Eleventh Circuit: copyright in compilations of used boat listings infringedJune 22, 2007

In a decision yesterday, the Eleventh Circuit affirmed the finding of copyright infringement of a factual compilation, specifically a compilation of listings of used boats for sale.

Most notably, the court held that the proper standard for infringement was the "substantially similar" test, rather than the "virtually identical" test sometimes used for factual compilations (most often for computer programs). Under this standard, the court affirmed the finding of infringement, and concomitant injunction and award of damages.

More details of BUC Int'l Corp. v. Int'l Yacht Council Ltd. after the jump.

The plaintiff, BUC International Corporation ("BUC"), operates the BUCNET.com service, which is akin to a real estate multiple listing service, or MLS, but for used boats. BUC established a set format for its listings, and brokers would enter factual information about boats for sale into the prescribed format, typically with no changes. BUC registered its compilations with the U.S. Copyright Office beginning in 1997, and renewed it annually.

The International Yacht Council (IYC) wanted to establish a competing listing service. The evidence showed that often brokers would submit their listings to BUCNET, and then simply copy and paste the same listing into the IYC website. About 65% of the listings on IYC's website as of 2002 were derived from BUCNET listings, a fact determined by BUC placing "markers" in the middle of its listings in order to detect copying.

The case essentially boiled down to two issues: whether BUC had a valid copyright in its compilations, and whether the court applied the correct standard for copyright infringement of factual compilations.

IYC argued that there was insufficient originality in BUC's compilation to support a copyright, relying on the Supreme Court's decision in Feist Publications, Inc. v. Rural Telephone Service Co. , where the Court held that organizing listings alphabetically in a phone book was not sufficiently original to be protected as a factual compilation. The key to the issue is a determination of whether there are any elements of the selection, coordination, or arrangement of facts that are original.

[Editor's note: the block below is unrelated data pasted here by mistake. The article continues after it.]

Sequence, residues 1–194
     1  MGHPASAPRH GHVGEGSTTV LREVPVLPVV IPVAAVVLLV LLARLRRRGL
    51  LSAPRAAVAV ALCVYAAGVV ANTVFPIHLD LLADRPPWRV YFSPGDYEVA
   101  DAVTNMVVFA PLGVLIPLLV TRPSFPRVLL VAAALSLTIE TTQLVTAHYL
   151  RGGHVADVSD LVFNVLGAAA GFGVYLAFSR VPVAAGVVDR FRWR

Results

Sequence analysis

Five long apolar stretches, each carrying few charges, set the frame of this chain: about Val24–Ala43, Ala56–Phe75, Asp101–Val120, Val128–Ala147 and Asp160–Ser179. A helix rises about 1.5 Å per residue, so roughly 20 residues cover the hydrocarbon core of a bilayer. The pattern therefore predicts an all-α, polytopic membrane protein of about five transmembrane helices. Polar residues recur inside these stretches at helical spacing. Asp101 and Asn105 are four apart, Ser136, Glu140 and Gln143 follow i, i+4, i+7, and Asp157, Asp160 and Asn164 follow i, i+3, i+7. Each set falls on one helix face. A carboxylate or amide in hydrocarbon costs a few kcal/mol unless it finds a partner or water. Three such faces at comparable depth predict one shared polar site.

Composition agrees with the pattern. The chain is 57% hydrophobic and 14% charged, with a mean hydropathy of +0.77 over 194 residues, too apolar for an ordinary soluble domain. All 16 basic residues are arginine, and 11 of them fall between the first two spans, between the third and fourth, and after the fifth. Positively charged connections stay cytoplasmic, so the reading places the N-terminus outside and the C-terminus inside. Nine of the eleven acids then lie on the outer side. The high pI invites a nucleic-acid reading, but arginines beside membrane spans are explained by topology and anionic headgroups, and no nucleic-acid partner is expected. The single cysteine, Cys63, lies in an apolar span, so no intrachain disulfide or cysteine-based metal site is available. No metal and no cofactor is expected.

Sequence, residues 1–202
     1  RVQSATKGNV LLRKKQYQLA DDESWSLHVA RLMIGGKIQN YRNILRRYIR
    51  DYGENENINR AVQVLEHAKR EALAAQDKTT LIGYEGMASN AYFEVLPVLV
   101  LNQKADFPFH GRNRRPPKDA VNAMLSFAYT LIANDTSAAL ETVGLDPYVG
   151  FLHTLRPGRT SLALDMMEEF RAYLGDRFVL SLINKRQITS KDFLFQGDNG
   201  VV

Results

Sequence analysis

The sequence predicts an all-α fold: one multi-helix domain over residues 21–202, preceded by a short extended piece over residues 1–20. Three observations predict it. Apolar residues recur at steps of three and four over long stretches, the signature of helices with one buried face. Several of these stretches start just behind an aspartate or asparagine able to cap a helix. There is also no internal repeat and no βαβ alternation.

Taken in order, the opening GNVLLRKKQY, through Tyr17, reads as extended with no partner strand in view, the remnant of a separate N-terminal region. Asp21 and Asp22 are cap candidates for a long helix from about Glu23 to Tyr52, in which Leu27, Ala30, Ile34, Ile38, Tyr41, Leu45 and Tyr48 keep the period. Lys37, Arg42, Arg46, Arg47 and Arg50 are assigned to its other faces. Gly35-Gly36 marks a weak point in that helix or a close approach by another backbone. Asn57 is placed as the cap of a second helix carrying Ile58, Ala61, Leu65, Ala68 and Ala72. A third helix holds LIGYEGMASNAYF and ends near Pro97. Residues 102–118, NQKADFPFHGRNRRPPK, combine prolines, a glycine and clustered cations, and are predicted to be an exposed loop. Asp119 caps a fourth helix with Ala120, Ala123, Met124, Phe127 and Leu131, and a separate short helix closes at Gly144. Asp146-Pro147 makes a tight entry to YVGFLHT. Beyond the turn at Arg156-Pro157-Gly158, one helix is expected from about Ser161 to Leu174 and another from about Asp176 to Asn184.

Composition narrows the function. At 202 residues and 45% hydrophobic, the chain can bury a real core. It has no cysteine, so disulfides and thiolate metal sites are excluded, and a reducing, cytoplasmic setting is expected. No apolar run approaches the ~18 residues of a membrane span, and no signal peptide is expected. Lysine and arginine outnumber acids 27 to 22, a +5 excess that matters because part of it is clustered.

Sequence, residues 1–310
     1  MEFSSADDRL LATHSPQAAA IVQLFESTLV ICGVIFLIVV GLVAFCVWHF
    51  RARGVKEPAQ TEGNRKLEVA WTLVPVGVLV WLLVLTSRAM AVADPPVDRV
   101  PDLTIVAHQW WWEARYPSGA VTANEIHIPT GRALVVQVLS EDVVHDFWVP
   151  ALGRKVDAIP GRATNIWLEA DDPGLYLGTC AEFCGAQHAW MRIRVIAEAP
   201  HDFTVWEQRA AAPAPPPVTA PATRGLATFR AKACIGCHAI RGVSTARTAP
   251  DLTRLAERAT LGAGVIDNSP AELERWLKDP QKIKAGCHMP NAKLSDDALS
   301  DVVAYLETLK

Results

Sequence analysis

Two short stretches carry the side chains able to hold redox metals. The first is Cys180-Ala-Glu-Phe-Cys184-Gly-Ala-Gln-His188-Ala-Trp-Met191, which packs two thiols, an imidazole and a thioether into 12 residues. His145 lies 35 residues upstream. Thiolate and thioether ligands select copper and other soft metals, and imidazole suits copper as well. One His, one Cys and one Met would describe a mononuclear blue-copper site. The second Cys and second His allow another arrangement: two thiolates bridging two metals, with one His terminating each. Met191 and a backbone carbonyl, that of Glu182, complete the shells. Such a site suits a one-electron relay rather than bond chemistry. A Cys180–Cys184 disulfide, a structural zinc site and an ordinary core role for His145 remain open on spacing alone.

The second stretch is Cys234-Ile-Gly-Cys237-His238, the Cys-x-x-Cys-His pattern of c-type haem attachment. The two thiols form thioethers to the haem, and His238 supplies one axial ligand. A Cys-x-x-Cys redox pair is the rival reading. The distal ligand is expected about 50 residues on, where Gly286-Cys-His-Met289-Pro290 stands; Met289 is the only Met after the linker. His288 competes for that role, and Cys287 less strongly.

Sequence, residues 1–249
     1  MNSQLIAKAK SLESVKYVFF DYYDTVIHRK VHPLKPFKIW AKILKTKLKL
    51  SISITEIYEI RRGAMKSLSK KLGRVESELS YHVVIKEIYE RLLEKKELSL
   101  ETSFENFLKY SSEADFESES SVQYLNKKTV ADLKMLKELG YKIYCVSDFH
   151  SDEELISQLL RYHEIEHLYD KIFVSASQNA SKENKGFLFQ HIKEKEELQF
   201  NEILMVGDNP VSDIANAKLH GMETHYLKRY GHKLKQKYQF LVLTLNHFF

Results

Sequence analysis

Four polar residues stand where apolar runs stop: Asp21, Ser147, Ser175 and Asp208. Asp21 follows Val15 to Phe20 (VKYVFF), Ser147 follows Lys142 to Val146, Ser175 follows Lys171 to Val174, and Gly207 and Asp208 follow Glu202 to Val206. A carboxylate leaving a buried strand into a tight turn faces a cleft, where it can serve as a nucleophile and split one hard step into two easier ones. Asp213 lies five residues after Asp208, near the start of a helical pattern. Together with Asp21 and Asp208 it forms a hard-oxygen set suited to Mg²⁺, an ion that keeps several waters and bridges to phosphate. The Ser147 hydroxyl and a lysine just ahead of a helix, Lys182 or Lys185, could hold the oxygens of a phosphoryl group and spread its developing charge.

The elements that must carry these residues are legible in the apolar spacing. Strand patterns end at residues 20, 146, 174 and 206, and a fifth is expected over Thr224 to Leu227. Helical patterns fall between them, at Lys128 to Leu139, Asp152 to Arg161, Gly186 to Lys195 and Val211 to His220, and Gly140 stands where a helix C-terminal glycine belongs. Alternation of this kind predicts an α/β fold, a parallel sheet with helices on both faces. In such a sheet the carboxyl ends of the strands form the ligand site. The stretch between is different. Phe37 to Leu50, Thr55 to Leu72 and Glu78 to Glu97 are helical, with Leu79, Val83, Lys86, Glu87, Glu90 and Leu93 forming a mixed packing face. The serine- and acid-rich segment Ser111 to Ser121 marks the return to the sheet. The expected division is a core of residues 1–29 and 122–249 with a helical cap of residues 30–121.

Here, BUC provided the requisite originality in its selection of section headings directed toward particular attributes of boats. Further, the merger doctrine did not prevent copyrighting these categories, as there was great variety in listings before BUC provided its standard template. Also, the fact that the individual brokers actually entered the factual information into the template provided by BUC did not divest BUC of the copyright in the compilation.

Regarding the applicable test, the court held that the substantial similarity test that is typically applied in copyright cases also applied when the copyright claimed is a compilation. In short:

there must be substantial similarities between the original elements of BUC's compilation and the corresponding elements of the defendants' compilation.

The defendants argued for a "virtual identicality" standard (usually phrased as "virtually identical") that is typically applied when copyright infringement of a computer program is alleged. The court rejected this proposition, and although it did not explicitly limit the "virtually identical" standard to the context of computer programs, it did strongly indicate that it was so limited by stating that:

BUC presented the jury with claims for the infringement of the selection, order and arrangement of a factual compilation, not the nonliteral elements of a computer program. "Substantial similarity" was, therefore, the appropriate standard.

At the end of the day, the finding of copyright infringement was affirmed.

To read the full decision in BUC Int'l Corp. v. Int'l Yacht Council Ltd., click here.

Copyright guru William Patry, author of the treatise Patry on Copyright, has a post about the case on his blog here.

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